Tragic protest

Playing with fire?

As a wave of self-immolation attempts gives Israelis pause, leaders of the country’s social justice movement try to come to terms with the problematic legacy of Moshe Silman

Social justice protesters chant slogans as they hold up pictures of Moshe Silman, who set himself on fire during a social justice demonstration in Tel Aviv (photo credit: Miriam Alster/Flash90)
Social justice protesters chant slogans as they hold up pictures of Moshe Silman, who set himself on fire during a social justice demonstration in Tel Aviv (photo credit: Miriam Alster/Flash90)

On Monday, two Israelis tried to light themselves on fire – the sixth and seventh to do so in little over a week.

The wave of social protests that swept the country last summer appears to have ebbed, and attempts to spark broad public demonstrations this year have not been successful. But in the absence of the many, expressions of desperation on the part of the few have become dramatically more extreme.

On Monday morning, a security guard stopped a resident of Ashdod from setting himself alight at a welfare office. Later in the day, a 46-year-old man from the southern city of Netivot tried to set himself on fire at city hall, failing when security officers intervened.

On Sunday, Akiva Mafa’i, a disabled military veteran, suffered burns on 80 percent of his body after setting himself on fire near a gas station in the town of Yehud. He is currently comatose in a hospital outside Tel Aviv. The wheelchair-bound IDF veteran was reportedly distraught over run-ins with state bureaucracy. Later that day, a 65-year-old resident of Ofakim tried to set himself on fire at the entrance to a police station, but was prevented from doing so by a local policeman.

The string of incidents began July 14, when Moshe Silman, 57, doused himself in gasoline and lit himself on fire during a protest. Silman, who was out of work and had been passed over for public housing, left a letter accusing the government and social services of responsibility for his plight. He was rushed to hospital with burns on most of his body, and died Friday.

At least three other people were threatening to light themselves on fire but were stopped by passersby, according to media reports.

Experts have long known that suicides often trigger other suicides, and some believe something similar is at work here.

“Social contagion happens when there is glorification of the people who do these acts, when we emphasize these extreme acts and present them as a solution,” said Dr. Shiri Daniels of Eran, an Israeli hotline for people experiencing emotional distress.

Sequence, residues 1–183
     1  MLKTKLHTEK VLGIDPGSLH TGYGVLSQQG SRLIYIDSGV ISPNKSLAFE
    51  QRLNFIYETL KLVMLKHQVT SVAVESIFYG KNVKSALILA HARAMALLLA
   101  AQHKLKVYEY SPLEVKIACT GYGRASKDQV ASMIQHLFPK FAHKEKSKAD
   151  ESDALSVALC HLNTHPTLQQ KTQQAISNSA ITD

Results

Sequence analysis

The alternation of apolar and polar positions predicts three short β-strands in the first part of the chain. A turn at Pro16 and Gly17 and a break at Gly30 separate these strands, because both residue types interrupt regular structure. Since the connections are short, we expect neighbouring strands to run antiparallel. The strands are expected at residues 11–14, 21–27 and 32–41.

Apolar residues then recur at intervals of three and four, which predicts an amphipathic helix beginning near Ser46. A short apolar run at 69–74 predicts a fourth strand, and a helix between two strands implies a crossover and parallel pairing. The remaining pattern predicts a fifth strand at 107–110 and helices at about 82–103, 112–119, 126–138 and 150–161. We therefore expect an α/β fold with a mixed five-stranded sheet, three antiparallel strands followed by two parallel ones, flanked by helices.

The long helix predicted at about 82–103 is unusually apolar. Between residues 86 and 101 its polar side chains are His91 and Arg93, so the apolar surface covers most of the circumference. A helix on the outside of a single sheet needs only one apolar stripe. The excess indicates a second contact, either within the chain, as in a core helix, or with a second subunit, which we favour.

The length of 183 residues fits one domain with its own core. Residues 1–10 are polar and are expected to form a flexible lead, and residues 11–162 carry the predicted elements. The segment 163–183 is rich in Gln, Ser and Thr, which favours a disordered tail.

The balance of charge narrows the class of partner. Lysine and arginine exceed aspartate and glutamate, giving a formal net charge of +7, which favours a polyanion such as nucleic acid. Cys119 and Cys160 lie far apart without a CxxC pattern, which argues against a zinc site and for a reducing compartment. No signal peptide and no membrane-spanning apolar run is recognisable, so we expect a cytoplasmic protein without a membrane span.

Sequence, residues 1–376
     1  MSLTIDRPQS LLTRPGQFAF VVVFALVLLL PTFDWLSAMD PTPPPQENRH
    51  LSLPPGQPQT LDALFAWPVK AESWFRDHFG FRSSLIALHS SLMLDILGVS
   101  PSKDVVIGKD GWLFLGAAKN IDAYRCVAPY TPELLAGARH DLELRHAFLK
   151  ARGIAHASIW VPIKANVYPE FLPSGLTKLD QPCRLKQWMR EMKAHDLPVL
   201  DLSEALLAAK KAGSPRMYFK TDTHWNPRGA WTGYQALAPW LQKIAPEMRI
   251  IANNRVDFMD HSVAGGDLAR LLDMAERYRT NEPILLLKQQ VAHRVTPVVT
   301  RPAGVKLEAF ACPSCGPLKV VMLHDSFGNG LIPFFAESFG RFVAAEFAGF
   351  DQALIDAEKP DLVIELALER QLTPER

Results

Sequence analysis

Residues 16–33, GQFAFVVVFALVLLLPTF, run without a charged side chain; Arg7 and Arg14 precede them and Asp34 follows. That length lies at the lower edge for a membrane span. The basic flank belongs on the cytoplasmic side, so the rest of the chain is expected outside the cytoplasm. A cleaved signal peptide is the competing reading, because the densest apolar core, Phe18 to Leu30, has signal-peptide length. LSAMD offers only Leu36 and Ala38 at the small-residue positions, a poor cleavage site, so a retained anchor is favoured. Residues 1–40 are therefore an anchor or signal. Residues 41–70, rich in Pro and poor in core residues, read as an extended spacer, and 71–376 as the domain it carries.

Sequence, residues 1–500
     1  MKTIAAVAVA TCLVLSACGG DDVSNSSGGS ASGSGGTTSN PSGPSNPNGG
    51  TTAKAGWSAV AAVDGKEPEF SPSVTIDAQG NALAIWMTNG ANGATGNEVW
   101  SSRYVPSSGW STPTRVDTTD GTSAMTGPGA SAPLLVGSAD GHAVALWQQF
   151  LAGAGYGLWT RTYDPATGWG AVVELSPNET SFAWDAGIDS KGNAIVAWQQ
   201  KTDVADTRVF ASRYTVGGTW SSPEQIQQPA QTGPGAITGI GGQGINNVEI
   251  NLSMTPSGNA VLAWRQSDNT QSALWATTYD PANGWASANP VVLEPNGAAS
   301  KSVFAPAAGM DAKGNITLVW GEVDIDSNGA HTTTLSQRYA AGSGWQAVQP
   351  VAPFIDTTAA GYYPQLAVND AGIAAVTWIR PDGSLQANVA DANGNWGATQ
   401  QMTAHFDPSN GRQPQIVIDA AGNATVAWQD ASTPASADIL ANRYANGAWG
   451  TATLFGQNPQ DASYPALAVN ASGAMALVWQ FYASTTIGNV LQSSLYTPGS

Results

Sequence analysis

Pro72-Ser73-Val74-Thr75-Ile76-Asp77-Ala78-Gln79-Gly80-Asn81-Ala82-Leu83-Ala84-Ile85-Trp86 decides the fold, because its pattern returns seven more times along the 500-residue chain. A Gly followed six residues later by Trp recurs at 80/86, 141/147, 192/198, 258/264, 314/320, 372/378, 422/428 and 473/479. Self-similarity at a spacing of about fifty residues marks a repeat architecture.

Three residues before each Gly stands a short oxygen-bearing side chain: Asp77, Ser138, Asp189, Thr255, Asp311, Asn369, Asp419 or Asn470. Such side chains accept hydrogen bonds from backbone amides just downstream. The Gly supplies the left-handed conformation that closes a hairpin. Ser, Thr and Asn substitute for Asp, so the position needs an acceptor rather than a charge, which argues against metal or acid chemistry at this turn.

The number of incoming calls about economic troubles, including from people with suicidal thoughts, has spiked in recent weeks, she said.

Recent media coverage of the country’s social problems has been beneficial, by directing public attention to the poor and to government policies. But it is also part of the problem, Daniels said. Coverage of poverty, and especially of acts of self-destruction, catches some vulnerable and unstable people at a crucial moment and sends them over the edge.

“A person with a happy life doesn’t see the news and decide that this is a good idea. But people in crisis, people who see things as black and white, can find themselves in a situation where they will act if they don’t receive an immediate response,” she said.

The apparent emergence of a trend has sparked concern, criticism, and even panic from commentators and political leaders. Initially, Silman was portrayed as a symbol of the failure of government policy and something of a martyr for the flagging social protest movement.

On Friday, after Silman’s death but before most of the other incidents, Labor leader Shelly Yachimovich posted a statement on her Facebook page. “We are not all Moshe Silman,” she wrote, “but his fate is in large part the result of the collapse of the welfare state and the rise of a Darwinist jungle economy.”

On Sunday, after a few more incidents of attempted self-immolation, she  took a more critical tone.

“Suicide is an extreme and awful act and it must not be idealized,” she wrote. “Silman was indeed a victim of a frayed social net, of strict criteria for public housing and of the weakness of small business, but his suicide must not be turned into a legitimate act of protest, as I have been hearing here and there.”

Eitan Haber, a columnist for the daily Yedioth Ahronoth, published an emotional article in Monday’s paper headlined, “For God’s sake, stop.”

“A match and a liter of gas won’t change the foundations of the government. From that perspective, it’s an empty act that will be forgotten. If someone must struggle, if someone must bring about a change, dead people will not do so,” Haber wrote.

The young leaders of the social protest movement see the incidents as both a criticism of the government and of themselves — a spur to more aggressive action and a reminder that poverty is a matter of life and death.

Stav Shaffir, one of the leaders who emerged during last year’s protests, said the movement wanted to “stop this wave while taking the message seriously.”

Silman’s death, she said, “was a very political suicide – he wrote a letter and accused people in the government and social services and burned himself in front of our eyes.

“We have been witness to policies that have abandoned Israeli society. These things have a price, and they kill — usually the tragedies are invisible, but this time we watched it happen,” she said.

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